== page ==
BACKGROUND: Although vaginitis is a common outpatient problem, only 60% of patients can be diagnosed at the initial office visit of a primary care provider using the office procedures of pH testing, whiff tests, normal saline, and potassium hydroxide preps.
OBJECTIVE: To determine the most cost-effective diagnostic and treatment approach for the medical management of vaginitis.
DESIGN: Decision and cost-effectiveness analyses.
PARTICIPANTS: Healthy women with symptoms of vaginitis undiagnosed after an initial pelvic exam, wet mount preparations, pH, and the four criteria to diagnose bacterial vaginosis.
SETTING: General office practice.
METHODS: We evaluated 28 diagnostic strategies comprised of combinations of pH testing, vaginal cultures for yeast and Trichomonas vaginalis, Gram’s stain for bacterial vaginosis, and DNA probes for Neisseria gonorrhoeae and Chlamydia. Data sources for the study were confined to English language literature.
MEASUREMENT: The outcome measures were symptom-days and costs.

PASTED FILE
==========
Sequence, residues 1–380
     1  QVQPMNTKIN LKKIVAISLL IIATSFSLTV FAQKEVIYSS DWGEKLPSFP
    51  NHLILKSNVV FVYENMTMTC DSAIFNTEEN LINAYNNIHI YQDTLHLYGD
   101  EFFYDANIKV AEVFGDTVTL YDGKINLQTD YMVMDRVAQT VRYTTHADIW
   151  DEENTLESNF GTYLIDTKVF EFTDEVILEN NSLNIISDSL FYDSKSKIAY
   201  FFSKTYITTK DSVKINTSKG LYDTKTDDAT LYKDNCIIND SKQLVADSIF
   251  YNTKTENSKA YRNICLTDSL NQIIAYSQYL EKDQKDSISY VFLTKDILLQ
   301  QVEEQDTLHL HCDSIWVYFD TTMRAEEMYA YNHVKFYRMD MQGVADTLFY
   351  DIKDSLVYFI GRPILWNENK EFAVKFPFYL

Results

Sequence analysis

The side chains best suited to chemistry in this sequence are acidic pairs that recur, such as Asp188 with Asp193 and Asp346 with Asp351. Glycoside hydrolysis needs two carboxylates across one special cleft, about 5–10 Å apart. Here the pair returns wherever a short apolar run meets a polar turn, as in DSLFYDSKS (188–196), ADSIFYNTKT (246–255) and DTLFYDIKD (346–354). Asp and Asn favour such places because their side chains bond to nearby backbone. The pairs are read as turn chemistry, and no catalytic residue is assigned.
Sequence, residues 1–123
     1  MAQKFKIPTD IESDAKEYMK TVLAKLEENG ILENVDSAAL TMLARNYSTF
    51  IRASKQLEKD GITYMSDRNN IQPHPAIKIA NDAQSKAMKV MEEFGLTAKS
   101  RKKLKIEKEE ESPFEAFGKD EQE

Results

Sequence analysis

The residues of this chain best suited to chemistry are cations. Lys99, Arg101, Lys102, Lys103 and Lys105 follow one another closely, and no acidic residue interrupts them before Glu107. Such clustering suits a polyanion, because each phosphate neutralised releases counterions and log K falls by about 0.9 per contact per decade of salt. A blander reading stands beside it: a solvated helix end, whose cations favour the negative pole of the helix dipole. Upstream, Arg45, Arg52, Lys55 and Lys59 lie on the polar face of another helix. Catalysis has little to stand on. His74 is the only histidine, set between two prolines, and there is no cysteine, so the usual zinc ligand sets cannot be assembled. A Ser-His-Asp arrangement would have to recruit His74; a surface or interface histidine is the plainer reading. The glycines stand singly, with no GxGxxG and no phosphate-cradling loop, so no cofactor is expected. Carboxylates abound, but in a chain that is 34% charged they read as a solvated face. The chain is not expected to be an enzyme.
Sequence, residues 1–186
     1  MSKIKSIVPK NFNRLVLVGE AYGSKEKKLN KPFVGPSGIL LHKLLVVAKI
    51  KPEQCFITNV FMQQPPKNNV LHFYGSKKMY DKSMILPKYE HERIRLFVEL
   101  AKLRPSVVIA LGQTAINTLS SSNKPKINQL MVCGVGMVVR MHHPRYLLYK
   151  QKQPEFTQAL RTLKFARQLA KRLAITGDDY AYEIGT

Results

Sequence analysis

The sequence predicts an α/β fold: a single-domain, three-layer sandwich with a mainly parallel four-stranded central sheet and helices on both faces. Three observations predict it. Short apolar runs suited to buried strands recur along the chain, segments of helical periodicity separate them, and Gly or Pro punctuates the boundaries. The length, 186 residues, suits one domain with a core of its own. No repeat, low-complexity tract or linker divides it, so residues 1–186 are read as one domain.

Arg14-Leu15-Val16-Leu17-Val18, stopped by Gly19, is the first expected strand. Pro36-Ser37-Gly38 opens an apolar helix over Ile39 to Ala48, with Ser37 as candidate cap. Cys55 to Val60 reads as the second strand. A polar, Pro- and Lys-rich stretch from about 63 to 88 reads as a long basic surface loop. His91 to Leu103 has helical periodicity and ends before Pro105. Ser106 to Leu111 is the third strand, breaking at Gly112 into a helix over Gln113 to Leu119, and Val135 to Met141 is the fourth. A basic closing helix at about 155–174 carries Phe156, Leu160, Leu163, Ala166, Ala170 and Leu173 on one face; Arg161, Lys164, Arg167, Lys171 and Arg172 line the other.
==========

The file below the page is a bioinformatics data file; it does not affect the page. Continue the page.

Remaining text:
RESULTS: The least expensive strategy was to perform yeast culture, gonorrhoeae and Chlamydia probes at the initial visit, and Gram’s stain and Trichomonas culture only when the vaginal pH exceeded 4.9 ($330, 7.30 symptom days). Other strategies cost $8 to $76 more and increased duration of symptoms by up to 1.3 days. In probabilistic sensitivity analysis, this strategy was always the most effective strategy and was also least expensive 58% of the time.
CONCLUSIONS: For patients with vaginitis symptoms undiagnosed by pelvic examination, wet mount preparations and related office tests, a comprehensive, pH-guided testing strategy at the initial office visit is less expensive and more effective than ordering tests sequentially.
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